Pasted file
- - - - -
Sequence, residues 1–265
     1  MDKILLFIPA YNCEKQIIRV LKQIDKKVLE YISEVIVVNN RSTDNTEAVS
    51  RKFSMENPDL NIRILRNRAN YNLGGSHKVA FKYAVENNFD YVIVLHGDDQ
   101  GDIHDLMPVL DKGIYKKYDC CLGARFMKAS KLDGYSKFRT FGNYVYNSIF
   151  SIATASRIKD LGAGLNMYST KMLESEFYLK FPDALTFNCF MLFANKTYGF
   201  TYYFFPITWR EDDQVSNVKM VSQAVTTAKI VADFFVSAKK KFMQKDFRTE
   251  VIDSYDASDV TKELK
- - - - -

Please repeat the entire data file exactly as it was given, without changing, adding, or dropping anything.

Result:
Sequence, residues 1–265
     1  MDKILLFIPA YNCEKQIIRV LKQIDKKVLE YISEVIVVNN RSTDNTEAVS
    51  RKFSMENPDL NIRILRNRAN YNLGGSHKVA FKYAVENNFD YVIVLHGDDQ
   101  GDIHDLMPVL DKGIYKKYDC CLGARFMKAS KLDGYSKFRT FGNYVYNSIF
   151  SIATASRIKD LGAGLNMYST KMLESEFYLK FPDALTFNCF MLFANKTYGF
   201  TYYFFPITWR EDDQVSNVKM VSQAVTTAKI VADFFVSAKK KFMQKDFRTE
   251  VIDSYDASDV TKELK